Streams for eyes and ears 

The Philadel­phia Orches­tra presents Sight/​Sound/​Symphony’

In
3 minute read
Artist Rejik Anadol’s digital creation accompanied the orchestra’s rendition of Beethoven’s 7th. (Image courtesy of the Philadelphia Orchestra.)
Artist Rejik Anadol’s digital creation accompanied the orchestra’s rendition of Beethoven’s 7th. (Image courtesy of the Philadelphia Orchestra.)

Broadway remains shut down. Choruses have disbanded. Holiday performances of The Nutcracker are on hold across the land. Live productions for large in-person audiences become an increasingly distant memory, but with Sight/Sound/Symphony, its second streaming concert of the season, the Philadelphia Orchestra continues to share its artistry during these autumn months.

Granted, there are no blockbusters like Mahler’s Symphony of a Thousand on the table this fall. Under music director Yannick Nézet-Séguin, we are seeing smaller concerts than in previous years and a greater use of the facilities of the Mann Center. But the orchestra has interpreted this as an opportunity rather than a liability. Smaller ensembles mean lower costs, which translate into more accessibility: streaming concerts may draw audiences who haven’t experienced live classical music before.

Full of ideas

The orchestra’s 2020 “Digital Stage” season marches ahead with some imaginative programming despite the daunting challenges of the time. Under Nézet-Séguin, the second in this concert series streamed at 8pm on Thursday, October 8. Prerecorded at the Mann, the program featured a world premiere by Carlos Simon; Beethoven and Schubert favorites; and a visual component designed by artist Refik Anadol. Simon and Anadol each reflected on their contributions before their works were aired, a nice touch for newcomers to the concert experience.

The program opened with Simon’s Fate Now Conquers, an homage to Beethoven’s Seventh Symphony, commissioned by the orchestra. The work was inspired by an 1815 journal entry by Beethoven that begins, “Fate now conquers, and I am hers…” This short, engaging work includes some brief quotations from the symphony, but is full of original ideas and Simon’s own response to the staccato restlessness of destiny and the web it casts over human lives.

Missing the complete Seventh

Displaying a cheerful disposition that suggests curiosity and derring-do, the 35-year-old Anadol related his work—a shape-changing conglomeration of blobby forms—to artificial intelligence, but to me it was like reliving Peter Max in the ’60s (not a bad thing, I might add). The onstage visuals pulled the viewer down a corridor of cathedral-style pillars, with Anadol’s undulating forms appearing as if projected on a wall at the end of the corridor. The effect, according to the artist, was created by feeding a computer millions of visual images consonant with the time in which Beethoven lived.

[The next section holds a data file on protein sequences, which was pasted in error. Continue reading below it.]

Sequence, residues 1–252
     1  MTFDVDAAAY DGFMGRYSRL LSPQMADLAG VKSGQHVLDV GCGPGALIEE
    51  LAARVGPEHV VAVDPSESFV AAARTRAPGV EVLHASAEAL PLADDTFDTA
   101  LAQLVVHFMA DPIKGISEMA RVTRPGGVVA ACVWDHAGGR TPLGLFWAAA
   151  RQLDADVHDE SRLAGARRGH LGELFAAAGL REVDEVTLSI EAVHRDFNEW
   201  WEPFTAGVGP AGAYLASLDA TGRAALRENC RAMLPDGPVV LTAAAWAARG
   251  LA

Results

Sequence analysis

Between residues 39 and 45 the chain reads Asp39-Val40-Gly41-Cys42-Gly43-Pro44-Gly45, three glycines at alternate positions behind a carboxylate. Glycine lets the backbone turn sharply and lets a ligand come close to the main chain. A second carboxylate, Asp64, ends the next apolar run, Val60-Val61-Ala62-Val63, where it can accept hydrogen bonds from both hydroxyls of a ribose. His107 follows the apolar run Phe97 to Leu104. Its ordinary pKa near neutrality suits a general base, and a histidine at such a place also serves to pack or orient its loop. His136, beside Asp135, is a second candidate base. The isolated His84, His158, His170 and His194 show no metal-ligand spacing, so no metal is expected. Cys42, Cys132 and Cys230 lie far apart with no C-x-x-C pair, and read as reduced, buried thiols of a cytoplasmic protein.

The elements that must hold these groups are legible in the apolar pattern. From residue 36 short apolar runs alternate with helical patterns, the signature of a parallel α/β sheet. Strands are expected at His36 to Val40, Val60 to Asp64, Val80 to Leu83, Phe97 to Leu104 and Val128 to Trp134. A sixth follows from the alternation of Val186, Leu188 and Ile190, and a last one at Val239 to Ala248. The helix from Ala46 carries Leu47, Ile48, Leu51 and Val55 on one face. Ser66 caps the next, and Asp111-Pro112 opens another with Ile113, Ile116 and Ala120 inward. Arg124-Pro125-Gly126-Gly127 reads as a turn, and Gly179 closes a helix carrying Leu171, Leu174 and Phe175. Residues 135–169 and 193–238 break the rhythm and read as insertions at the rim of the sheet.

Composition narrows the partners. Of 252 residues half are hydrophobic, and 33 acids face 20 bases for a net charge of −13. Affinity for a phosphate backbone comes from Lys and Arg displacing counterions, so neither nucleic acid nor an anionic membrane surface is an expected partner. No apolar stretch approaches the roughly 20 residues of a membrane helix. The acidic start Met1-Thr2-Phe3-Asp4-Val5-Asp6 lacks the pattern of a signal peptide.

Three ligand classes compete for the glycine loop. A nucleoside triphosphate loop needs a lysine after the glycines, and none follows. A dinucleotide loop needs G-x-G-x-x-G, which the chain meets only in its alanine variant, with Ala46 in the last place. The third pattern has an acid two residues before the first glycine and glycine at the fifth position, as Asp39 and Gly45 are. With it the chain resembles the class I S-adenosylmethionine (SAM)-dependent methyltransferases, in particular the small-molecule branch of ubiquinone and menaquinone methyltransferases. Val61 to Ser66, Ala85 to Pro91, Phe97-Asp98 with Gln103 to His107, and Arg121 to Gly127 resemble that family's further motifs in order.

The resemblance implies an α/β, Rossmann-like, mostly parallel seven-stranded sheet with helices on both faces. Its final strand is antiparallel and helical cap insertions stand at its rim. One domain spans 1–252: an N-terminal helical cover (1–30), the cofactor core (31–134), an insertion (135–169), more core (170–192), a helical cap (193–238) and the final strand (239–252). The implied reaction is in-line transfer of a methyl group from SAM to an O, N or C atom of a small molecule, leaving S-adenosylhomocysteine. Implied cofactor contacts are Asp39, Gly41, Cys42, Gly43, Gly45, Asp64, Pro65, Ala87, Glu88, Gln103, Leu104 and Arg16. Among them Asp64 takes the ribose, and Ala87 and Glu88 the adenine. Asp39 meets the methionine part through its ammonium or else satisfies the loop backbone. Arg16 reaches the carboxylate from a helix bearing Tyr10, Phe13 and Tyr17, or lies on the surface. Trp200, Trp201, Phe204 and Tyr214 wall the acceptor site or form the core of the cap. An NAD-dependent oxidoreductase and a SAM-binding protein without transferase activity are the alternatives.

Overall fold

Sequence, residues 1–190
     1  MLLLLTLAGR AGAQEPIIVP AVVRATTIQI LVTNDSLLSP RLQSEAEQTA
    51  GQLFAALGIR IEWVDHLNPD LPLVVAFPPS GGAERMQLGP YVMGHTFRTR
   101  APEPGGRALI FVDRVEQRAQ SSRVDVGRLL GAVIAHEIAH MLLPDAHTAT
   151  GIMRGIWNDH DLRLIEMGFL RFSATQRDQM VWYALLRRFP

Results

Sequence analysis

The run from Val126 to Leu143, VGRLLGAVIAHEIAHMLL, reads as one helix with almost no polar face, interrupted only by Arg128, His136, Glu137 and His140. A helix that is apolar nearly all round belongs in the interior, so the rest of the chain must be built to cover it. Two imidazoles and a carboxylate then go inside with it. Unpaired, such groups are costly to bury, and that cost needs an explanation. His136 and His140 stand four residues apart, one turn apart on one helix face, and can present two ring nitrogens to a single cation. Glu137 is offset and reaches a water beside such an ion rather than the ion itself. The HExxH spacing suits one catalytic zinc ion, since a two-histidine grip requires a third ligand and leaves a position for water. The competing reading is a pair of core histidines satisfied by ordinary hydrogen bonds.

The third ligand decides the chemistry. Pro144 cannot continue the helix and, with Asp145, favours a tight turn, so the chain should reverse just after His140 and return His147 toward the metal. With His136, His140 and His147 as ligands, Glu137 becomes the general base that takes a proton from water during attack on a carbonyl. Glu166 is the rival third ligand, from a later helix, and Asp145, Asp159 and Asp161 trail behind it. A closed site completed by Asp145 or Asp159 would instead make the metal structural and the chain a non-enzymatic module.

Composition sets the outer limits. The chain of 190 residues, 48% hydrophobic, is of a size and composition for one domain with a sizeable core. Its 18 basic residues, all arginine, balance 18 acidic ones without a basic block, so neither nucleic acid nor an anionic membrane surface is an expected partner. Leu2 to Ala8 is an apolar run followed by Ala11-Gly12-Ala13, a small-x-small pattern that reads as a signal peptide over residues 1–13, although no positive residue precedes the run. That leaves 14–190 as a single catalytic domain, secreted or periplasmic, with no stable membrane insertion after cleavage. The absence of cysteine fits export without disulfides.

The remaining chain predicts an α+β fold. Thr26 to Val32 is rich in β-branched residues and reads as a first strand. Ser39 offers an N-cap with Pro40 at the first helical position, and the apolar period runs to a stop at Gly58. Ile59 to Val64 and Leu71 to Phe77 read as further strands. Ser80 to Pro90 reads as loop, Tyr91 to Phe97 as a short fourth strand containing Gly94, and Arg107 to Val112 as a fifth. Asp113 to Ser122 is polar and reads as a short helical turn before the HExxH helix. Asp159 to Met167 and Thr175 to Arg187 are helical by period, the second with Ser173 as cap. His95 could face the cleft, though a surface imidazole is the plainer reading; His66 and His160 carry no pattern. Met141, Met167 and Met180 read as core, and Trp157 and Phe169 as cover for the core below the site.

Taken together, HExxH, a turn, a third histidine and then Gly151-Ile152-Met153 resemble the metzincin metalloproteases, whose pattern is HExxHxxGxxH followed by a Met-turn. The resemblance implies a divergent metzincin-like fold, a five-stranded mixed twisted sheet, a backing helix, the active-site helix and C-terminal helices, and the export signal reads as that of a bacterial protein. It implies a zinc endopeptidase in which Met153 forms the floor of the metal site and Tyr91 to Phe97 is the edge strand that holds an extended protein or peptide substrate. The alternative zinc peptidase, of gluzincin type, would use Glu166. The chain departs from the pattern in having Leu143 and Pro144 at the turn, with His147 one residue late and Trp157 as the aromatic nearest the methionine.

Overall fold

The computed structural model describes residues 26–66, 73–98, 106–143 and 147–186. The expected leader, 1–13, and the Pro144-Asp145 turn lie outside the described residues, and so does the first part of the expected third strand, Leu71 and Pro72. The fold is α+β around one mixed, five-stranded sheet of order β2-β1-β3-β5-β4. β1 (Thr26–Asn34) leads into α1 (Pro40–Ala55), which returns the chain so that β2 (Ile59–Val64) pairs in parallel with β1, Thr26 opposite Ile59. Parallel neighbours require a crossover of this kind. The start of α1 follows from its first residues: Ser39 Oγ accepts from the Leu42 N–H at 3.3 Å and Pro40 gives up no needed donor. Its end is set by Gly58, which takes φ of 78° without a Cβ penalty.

However, I was disappointed that in the composer’s 250th anniversary year, the complete Beethoven’s Seventh was not performed. This truncated edition of the Seventh gave the impression that the familiar second movement is the meat of this symphony, with Movements 1, 3 and 4 excised like fatty ends. Still, the movement was beautifully performed and a treat to ears long starved for live-ish music.

Unfinished and continuing

The program ended with Schubert’s self-truncated Symphony No. 8, “the Unfinished,” in a lovely performance by the Philadelphians. The Eighth is indeed the perfect work for a more intimate setting. The reduced forces yielded a more personal sound, pining for some ineffable solace in a care-worn world.

The performance featured moving passages played with delicacy and poignancy by woodwind soloists, while the string section resonated with a rare warmth and depth as its sensuous intensity traveled through my headset.

In this and the opening concert last month, the Philadelphia Orchestra brought some innovative touches to concert streaming, a process they continue to master with every passing event.

Image description: A digital rendering of a stone cathedral-style corridor whose pillars are lit by shafts of golden light. The end of the corridor is a tall arched panel covered with flowing, abstract blue-and-brown forms.

What, When, Where

Sight/Sound/Symphony. Carlos Simon; Fate Now Conquers. Ludwig van Beethoven; Symphony No. 7 in A major, Op. 92, second movement. Franz Schubert; Symphony No. 8 in D minor, D. 759. Conducted by Yannick Nézet-Séguin. The Philadelphia Orchestra, with visual design by Rejik Anadol. Prerecorded at the Mann Center, streamed on October 8, 2020, and available for 72 hours. (215) 983-1999 or philorch.org.

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